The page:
Publisher: DC Comics
Writer: Dan Jurgens
Artwork: Brett Booth (pencils), Norm Rapmund (inks), Andrew Dalhouse(colours)
Letters: Rob Leigh
Release Date: 10th January 2018
Stranded out of time on an unfamiliar Earth, Superman and Booster Gold battle one of Zod’s Eradicators while some of Gold’s old associates catch up. Meanwhile, Lois takes action into her own hands and sets off to discover the whereabouts of the missing General Lane.
Writer Dan Jurgens shifts the tone with this issue, giving us a comedic and heart-warming tale that feels reminiscent of one of those classic buddy cop movies from the 80s. The theme of this issue focuses heavily on fathers and their relationships with their kids, and all three of our leads this issue are in some way looking for or at their dad. The interesting takeaway is that regardless of who your father is or how they treat you, there is always a chance to become a hero.
Brett Booth is on pencils this month and his work is simply gorgeous, with all the lead characters looking iconic and posing dramatically during battle. His visual prowess is on par with anyone at DC right now and his action sequences manage to be kinetic while also possessing an impressive level of detail.
Every panel is a work of art which is, in a weird way, also his weakness. He seemingly is unable to draw ugly or old people, and everyone in the book has the appearance of a model in their mid-20s. It is hard to be too down on Booth for being too good at his craft though, and it is a real treat to see someone of this ability taking real pride in their work.
Andrew Dalhouse colours the issue and really does a great job enhancing Booth’s already incredible work and helping it to jump off the page. The entire book is coloured beautifully throughout, with nice touches such as the searing heat vision from Clark and Gold’s shining armour. A few of the city sequences also feature some superior lighting effects that really add depth to the skyline.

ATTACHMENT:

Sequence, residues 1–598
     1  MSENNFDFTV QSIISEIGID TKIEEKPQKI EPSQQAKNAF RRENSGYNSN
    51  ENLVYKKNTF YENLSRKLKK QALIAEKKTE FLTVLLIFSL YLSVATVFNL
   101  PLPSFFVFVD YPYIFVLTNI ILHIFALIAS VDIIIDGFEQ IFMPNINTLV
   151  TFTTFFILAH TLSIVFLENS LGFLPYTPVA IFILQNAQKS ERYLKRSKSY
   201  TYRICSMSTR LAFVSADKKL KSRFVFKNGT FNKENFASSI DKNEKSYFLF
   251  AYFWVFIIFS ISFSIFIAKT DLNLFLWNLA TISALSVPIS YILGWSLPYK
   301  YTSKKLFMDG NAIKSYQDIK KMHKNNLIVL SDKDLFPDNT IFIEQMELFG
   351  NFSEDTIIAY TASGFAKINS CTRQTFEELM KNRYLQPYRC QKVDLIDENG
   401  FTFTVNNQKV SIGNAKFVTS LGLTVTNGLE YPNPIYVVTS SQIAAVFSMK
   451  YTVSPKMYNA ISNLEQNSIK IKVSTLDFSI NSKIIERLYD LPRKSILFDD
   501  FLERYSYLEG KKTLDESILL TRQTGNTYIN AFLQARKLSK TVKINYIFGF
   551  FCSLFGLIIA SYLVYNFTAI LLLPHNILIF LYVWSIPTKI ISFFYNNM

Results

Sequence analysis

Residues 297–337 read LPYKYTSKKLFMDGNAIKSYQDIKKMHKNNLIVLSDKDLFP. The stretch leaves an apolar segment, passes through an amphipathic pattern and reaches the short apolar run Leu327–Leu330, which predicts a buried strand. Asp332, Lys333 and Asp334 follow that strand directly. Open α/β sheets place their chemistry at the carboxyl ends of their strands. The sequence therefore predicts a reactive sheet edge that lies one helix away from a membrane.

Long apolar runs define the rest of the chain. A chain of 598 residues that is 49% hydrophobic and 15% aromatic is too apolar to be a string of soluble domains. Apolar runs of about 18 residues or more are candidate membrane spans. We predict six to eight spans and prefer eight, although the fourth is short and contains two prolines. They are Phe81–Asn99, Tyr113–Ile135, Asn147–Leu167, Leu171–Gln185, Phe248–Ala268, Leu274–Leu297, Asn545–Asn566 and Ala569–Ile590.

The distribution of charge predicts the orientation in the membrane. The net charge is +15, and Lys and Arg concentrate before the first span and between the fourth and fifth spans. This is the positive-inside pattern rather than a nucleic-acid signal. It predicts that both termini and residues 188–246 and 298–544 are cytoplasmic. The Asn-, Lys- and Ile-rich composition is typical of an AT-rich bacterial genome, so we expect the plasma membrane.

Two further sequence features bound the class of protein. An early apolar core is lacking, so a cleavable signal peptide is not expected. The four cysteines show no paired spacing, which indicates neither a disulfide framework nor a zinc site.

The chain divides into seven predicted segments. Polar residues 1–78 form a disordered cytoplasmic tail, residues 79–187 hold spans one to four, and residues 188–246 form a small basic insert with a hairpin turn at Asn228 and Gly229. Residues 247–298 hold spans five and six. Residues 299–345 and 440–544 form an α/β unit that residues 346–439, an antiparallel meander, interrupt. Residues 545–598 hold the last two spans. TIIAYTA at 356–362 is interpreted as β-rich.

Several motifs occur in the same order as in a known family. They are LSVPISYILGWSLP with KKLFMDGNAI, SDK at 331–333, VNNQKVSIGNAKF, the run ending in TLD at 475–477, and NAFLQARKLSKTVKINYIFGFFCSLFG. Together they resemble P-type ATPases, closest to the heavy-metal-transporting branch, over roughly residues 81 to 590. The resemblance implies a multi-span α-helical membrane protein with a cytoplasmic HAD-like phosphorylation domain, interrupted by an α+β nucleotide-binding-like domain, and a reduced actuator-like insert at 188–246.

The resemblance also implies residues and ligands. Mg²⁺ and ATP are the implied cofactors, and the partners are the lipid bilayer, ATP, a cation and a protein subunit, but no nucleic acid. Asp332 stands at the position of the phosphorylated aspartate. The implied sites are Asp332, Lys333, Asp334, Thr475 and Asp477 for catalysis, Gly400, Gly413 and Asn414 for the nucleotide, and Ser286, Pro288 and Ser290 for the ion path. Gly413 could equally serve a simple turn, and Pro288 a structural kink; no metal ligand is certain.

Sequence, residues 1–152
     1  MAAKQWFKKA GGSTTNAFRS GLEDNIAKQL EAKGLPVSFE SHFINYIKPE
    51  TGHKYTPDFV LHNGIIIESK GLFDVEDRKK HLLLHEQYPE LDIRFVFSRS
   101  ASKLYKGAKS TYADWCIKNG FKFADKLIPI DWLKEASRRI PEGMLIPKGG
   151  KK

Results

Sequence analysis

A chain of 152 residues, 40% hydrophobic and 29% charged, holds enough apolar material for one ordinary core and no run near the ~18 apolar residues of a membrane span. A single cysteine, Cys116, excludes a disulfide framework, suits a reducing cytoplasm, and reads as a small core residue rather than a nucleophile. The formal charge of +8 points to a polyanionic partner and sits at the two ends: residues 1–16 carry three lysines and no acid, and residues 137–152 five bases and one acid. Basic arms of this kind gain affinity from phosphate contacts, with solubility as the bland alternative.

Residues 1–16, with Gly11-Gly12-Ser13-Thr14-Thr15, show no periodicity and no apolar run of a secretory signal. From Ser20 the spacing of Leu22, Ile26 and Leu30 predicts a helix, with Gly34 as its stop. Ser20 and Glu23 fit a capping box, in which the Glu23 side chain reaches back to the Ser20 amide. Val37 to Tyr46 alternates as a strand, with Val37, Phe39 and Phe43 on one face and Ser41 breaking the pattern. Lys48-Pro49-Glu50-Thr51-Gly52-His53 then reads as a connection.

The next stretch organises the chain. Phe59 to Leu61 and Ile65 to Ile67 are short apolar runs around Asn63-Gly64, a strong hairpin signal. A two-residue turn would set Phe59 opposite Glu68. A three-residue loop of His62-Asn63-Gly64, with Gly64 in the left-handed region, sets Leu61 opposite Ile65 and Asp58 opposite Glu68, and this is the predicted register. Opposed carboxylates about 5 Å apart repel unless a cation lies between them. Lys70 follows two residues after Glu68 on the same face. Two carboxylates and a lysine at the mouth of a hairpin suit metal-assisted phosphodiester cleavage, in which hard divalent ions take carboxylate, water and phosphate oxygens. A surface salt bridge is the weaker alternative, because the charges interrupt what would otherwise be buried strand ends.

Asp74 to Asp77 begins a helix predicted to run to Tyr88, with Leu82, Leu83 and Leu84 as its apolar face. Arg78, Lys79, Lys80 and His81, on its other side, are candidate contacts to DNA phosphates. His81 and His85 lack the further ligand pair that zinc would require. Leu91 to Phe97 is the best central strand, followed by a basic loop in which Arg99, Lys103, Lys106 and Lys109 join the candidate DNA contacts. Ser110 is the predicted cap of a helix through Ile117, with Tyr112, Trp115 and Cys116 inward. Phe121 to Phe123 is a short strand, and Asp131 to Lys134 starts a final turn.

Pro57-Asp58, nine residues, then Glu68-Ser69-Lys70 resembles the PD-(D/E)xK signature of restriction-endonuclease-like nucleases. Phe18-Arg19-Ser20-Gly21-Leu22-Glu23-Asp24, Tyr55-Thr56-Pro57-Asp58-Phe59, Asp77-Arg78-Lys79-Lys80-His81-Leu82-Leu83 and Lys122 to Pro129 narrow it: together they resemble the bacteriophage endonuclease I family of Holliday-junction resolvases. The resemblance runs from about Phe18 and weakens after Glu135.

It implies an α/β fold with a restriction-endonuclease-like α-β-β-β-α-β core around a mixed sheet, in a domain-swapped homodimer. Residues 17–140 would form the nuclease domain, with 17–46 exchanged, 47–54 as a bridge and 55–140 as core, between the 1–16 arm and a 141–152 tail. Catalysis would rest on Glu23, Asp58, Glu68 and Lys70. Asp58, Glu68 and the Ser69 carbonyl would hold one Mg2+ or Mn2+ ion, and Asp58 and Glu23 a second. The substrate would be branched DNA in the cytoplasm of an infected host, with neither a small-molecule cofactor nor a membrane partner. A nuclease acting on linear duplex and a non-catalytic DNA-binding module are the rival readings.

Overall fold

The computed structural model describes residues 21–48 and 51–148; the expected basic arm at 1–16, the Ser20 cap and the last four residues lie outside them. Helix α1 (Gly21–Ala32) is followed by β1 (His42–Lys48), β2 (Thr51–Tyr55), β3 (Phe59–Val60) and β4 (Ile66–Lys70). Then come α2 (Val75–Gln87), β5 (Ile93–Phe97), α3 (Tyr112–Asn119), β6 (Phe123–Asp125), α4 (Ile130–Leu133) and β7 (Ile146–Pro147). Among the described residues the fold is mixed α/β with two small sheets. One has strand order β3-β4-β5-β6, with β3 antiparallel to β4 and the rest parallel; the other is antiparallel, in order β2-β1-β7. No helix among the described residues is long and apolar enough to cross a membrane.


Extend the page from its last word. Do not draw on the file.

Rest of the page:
Action Comics is traditionally a Superman book, but having Booster Gold as the main character and Superman as backup really works well. The tone is a tad lighter as Gold narrates his own adventure but we do get a more in-depth look at some of the tragedies in his life and just how much he has sacrificed, and I think the book is a lot better for it. Despite it being part three of an ongoing arc, pretty much anyone can pick this one up and get caught up almost immediately thanks to it feeling like a fairly self-contained tale.
Action Comics has been pretty damn good for a while now and the current arc is an entertaining one with a much more comedic feel to it which, to be honest, is something DC really needs. The themes being explored are still dramatic and potentially world-ending, but it all seems so much lighter than some of the previous stories that it ends up still feeling fresh. I would personally like to see Booster Gold stick around after this plot resolves, but only if they can find a team willing to keep him fun without turning him back into a joke character.
The writer of this piece was: Dave MacPhail
Dave Tweets from @ShinKagato